The Little Film Company to Screen Academy Contender The Last Station at EFM
Los Angeles (February 8, 2010) – Earning two Academy Award nominations this week for stars Helen Mirren and Christopher Plummer for their riveting performances in Michael Hoffman’s THE LAST STATION, The Little Film Company will host its European market screening at EFM in Berlin next week.
Released by Sony Pictures Classics in the US, the adaptation of Leo Tolstoy’s THE LAST STATION also earned Golden Globe, SAG and BAFTA nominations for its two legendary thespians for Best Actress and Best Supporting Actor. The film has also received five Independent Spirit Awards nominations including kudos for Mirren & Plumber as well as Best Film for producers Chris Curling, Jens Meurer and Bonnie Arnold, and Best Direct & Best Screenplay for Michael Hoffman.
Since its release two weeks ago, THE LAST STATION has grossed almost $500,000 on selected screens at the US box office under the Sony Pictures Classic banner. In addition, SPC will be releasing the film in several key international markets including Japan, Italy, Spain and Scandinavia. The Little Film Company also secured deals with other major distributors that will be releasing the film in 2010 including Optimum Releasing in the UK; E1 Entertainment in Benelux; Ster Kinekor in South Africa and Becker Film Group in Australia.
A German/Russian co-production, THE LAST STATION recounts the passionate and volatile marriage between the Great Russian writer Leo Tolstoy (Christopher Plummer) and his devoted wife/muse Sofya (Helen Mirren) as she tries to protect her husband’s legacy from his trusted disciple Chertkov (Paul Giamatti) whom she despises.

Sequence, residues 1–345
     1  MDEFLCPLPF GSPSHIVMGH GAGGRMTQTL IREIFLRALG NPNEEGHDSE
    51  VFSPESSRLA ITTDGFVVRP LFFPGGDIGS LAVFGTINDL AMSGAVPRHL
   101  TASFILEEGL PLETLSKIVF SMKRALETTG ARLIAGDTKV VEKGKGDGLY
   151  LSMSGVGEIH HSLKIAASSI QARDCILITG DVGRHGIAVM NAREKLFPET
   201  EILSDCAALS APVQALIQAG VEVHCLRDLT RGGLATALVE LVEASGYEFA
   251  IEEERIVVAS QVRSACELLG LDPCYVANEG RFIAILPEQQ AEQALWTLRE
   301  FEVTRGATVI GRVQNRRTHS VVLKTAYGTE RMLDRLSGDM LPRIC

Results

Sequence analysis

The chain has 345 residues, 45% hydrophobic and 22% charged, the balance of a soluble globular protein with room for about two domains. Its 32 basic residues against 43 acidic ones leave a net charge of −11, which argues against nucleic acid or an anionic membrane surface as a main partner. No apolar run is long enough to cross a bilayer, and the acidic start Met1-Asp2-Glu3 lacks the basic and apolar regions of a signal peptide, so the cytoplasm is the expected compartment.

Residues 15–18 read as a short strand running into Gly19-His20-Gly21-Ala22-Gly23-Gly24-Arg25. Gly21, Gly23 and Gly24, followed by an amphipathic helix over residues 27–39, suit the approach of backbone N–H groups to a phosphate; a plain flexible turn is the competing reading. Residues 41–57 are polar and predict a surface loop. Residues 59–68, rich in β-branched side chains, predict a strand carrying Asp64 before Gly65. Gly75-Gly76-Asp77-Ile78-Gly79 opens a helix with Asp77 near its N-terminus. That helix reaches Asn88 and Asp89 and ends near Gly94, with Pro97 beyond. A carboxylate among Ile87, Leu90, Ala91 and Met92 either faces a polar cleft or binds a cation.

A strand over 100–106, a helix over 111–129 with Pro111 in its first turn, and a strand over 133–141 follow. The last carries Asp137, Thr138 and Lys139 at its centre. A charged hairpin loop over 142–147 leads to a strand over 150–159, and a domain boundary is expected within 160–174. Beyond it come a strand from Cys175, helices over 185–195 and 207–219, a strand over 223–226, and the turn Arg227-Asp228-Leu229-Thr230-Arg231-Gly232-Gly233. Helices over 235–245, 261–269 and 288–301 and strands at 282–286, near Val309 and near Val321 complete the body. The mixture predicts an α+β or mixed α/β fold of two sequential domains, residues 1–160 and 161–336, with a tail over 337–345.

Written & directed by Award winning director Michael Hoffman (“Restoration,” “Promised Land,” “One Fine Day”) THE LAST STATION also stars a stellar award winning supporting cast including Paul Giamatti (“American Splendor,” “Sideways”), Anne-Marie Duff (“The Magdelene Sisters”), Kerry Condon (“Angela’s Ashes”) and James McAvoy (“The Last King of Scotland,” “Becoming Jane”). THE LAST STATION is executive produced by Andrei Konchalovsky, Phil Robertson, Judy Tossell and Robbie Little.
After almost fifty years of marriage, the Countess Sofya (Helen Mirren), Leo Tolstoy’s devoted wife and secretary—she’s copied out War and Peace six times…by hand!—suddenly finds her entire world turned upside down. In the name of his newly created religion, the Great Russian novelist Tolstoy (Christopher Plummer) has renounced his noble title, his property and even his family in favor of poverty, vegetarianism and even celibacy. After she’s born him thirteen children!
When Sofya then discovers that Tolstoy’s trusted disciple, Chertkov (Paul Giamatti) —whom she despises—may have secretly convinced her husband to sign a new will, leaving the rights to his iconic novels to the Russian people rather than his very own family, she is consumed by righteous outrage! This is the last straw! Using every bit of cunning, every trick of seduction in her considerable arsenal, she fights fiercely for what she believes is rightfully hers. The more extreme her behavior becomes, however, the more easily Chertkov is able to persuade Tolstoy of the damage she will do to his glorious legacy.
Into this minefield wanders Tolstoy’s worshipful new assistant, the young, gullible Valentin (James McAvoy). In no time, he becomes a pawn, first of the scheming Chertkov and then of the wounded, vengeful Sofya as each plots to undermine the other’s gains. Complicating Valentin’s life even further is the overwhelming passion he feels for the beautiful, spirited Masha (Kerry Condon), a free thinking adherent of Tolstoy’s new religion whose unconventional attitudes about sex and love both compel and confuse him. Infatuated with Tolstoy’s notions of ideal love, but mystified by the Tolstoys’ rich and turbulent marriage, Valentin is ill equipped to deal with the complications of love in the real world.
A tale of two romances, one beginning, one near its end, The Last Station is a complex, funny, rich and emotional story about the difficulty of living with love and the impossibility of living without it.